• CT: 3D reconstructions helpful to detect femoral head-neck junction prominences.
  • MRI: Diagnosis of FAI is best performed with MRI arthrogram increasing the sensitivity and specificity for labral pathology.  Alpha angle is used to quantify impingement (Peters CL, JBJS 2006;88Asuppl4;20).  

Femoroacetabular Impingement Classification / Treatment

  • Cam-Type: abnormal anterior femoral neck impines on normal acetabulum and labrum, damaging the labrum.
    -Treatment = resection of the prominence on the anterior femoral neck and debridement or repair of the larum. (Lavingne M, CORR 2004;418:67).
  • Pincer-Type: abnormal anterior acetabular osteophyte contacts the anterior femoral neck.
    -Treatment = debridement of the anterior acetabular osteophyte, labral repair / debridement, +/- periacetabular osteotomy. (Peters CL, JBJS 2006;88:1735).
  • Consider Hip arthroscopy (Philippon MJ, Clin Sports Med 2006;25:299), Byrd JW, JAAOS 2006;14:433).
  • Surgical treatment demonstrates good results, with the exception of those with osteoarthritis or Outerbridge grade III or grade IV cartilage damage or Acetabular dysplasia (normal lateral center-edge angle is 20° or greater and the acetabular index/Tönnis angle should be less than 10° or patient may have acetabular dyspasia).

Femoroacetabular Impingement Associated Injuries / Differential Diagnosis

  • Osteonecrosis
  • Acetabular Labral Tear
  • Sports Hernia
  • Hip arthritis

Femoroacetabular Impingement Complications

  • Hip arthritis
  • Acetabular stress fracture (Epstein N, JBJS 2009;91A:1480).

Femoroacetabular Impingement Follow-up Care

  • 68% excellent results for surgical dislocation, no osteonecrosis occured in pts with impingement and minimal arthritic changes (Beck M, CORR 2004;418:67).

Femoroacetabular Impingement Review References

  • Ganz R, JBJS 2001:83Br:1119
  • Ng VY, Arora N, Best TM, Pan X, Ellis TJ. Efficacy of surgery for femoroacetabular impingement: a systematic review. Am J Sports Med. 2010 Nov;38(11):2337-45. Epub 2010 May 20.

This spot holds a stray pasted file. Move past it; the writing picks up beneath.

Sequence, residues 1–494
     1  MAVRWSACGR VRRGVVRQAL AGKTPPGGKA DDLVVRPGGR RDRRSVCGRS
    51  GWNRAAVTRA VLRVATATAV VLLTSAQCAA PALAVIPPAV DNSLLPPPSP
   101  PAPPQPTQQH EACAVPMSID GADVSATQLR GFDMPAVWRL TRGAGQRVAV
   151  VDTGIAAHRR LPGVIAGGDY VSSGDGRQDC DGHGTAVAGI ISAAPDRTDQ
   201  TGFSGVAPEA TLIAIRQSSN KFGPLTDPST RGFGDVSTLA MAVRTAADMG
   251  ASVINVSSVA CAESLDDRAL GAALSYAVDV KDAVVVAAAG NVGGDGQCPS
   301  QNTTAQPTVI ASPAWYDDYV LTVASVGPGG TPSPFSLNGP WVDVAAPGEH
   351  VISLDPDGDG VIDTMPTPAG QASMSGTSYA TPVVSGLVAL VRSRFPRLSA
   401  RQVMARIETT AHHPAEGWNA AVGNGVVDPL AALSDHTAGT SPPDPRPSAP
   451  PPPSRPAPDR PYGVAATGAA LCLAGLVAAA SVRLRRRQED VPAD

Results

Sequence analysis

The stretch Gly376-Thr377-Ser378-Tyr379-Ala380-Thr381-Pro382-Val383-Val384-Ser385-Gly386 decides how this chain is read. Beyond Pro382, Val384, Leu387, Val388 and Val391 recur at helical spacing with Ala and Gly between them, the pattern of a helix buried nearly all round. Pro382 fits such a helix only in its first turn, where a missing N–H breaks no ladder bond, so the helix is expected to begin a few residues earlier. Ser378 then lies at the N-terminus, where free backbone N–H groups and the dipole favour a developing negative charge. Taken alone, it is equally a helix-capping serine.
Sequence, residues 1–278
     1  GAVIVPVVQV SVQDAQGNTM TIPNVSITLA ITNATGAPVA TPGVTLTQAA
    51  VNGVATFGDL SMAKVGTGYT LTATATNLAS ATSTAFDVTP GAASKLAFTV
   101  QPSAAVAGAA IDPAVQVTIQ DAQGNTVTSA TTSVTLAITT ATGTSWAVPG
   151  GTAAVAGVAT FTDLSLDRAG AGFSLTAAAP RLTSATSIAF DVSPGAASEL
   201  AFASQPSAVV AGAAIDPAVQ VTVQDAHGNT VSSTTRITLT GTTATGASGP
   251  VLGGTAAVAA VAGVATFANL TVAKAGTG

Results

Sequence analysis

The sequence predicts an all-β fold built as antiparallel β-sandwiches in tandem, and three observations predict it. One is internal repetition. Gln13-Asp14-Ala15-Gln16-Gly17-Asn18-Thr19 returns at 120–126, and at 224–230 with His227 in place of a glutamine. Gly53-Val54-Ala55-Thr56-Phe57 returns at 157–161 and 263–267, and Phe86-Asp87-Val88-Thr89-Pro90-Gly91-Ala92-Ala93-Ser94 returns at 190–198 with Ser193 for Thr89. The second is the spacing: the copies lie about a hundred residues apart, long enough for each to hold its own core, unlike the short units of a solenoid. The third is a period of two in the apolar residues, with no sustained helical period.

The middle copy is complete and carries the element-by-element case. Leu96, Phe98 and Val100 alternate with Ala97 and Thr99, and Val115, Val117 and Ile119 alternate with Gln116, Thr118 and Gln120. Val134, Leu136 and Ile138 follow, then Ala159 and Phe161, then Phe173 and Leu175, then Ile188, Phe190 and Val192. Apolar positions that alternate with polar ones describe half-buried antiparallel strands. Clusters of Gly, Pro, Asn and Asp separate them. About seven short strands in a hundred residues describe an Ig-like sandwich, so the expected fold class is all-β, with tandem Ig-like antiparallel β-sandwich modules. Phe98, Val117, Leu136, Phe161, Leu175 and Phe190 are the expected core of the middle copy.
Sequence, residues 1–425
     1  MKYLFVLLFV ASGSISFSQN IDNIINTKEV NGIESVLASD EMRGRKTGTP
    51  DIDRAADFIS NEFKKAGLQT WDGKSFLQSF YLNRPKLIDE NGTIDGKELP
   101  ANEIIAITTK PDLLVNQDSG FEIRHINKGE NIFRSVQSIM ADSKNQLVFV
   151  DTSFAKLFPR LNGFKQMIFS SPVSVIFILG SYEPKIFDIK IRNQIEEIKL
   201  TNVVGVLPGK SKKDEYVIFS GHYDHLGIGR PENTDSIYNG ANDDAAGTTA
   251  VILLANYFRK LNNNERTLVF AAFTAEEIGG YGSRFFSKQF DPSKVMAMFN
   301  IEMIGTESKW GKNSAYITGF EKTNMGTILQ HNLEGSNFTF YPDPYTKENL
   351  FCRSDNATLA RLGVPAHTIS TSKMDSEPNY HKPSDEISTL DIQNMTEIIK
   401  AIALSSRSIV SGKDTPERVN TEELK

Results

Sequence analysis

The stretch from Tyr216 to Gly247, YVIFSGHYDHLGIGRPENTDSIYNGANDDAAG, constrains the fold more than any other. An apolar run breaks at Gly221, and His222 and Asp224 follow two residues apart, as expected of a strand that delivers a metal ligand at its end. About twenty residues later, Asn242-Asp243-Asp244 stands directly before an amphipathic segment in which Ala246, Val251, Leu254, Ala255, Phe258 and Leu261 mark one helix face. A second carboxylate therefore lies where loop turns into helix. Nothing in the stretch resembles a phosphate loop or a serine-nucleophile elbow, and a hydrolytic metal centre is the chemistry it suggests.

• Philippon M, Schenker M, Briggs K, Kuppersmith D. Femoroacetabular impingement in 45 professional athletes: associated pathologies and return to sport following arthroscopic decompression. Knee Surg Sports Traumatol Arthrosc. 2007 Jul;15(7):908-14.
  • Byrd JW, Jones KS. Arthroscopic management of femoroacetabular impingement in athletes. Am J Sports Med. 2011 Jul;39 Suppl:7S-13S. 
  • Ganz R, Parvizi J, Beck M, Leunig M, Nötzli H, Siebenrock KA. Femoroacetabular impingement: a cause for osteoarthritis of the hip. Clin Orthop Relat Res. 2003 Dec;(417):112-20. 
  • Beck M, Kalhor M, Leunig M, Ganz R. Hip morphology influences the pattern of damage to the acetabular cartilage: femoroacetabular impingement as a cause of early osteoarthritis of the hip. J Bone Joint Surg Br. 2005 Jul;87(7):1012-8.  
  • Philippon MJ, Stubbs AJ, Schenker ML, Maxwell RB, Ganz R, Leunig M. Arthroscopic management of femoroacetabular impingement: osteoplasty technique and literature review. Am J Sports Med. 2007 Sep;35(9):1571-80. Epub 2007 Apr 9. 
  • Parvizi J, Leunig M, Ganz R. Femoroacetabular impingement. J Am Acad Orthop Surg. 2007 Sep;15(9):561-70.
  • Schoenecker PL, Clohisy JC, Millis MB, Wenger DR. Surgical management of the problematic hip in adolescent and young adult patients. J Am Acad Orthop Surg. 2011 May;19(5):275-86
  • Matsuda DK, Carlisle JC, Arthurs SC, Wierks CH, Philippon MJ. Comparative systematic review of the open dislocation, mini-open, and arthroscopic surgeries for femoroacetabular impingement. Arthroscopy. 2011 Feb;27(2):252-69. 
  • Safran MR. The acetabular labrum: anatomic and functional characteristics and rationale for surgical intervention. J Am Acad Orthop Surg. 2010 Jun;18(6):338-45.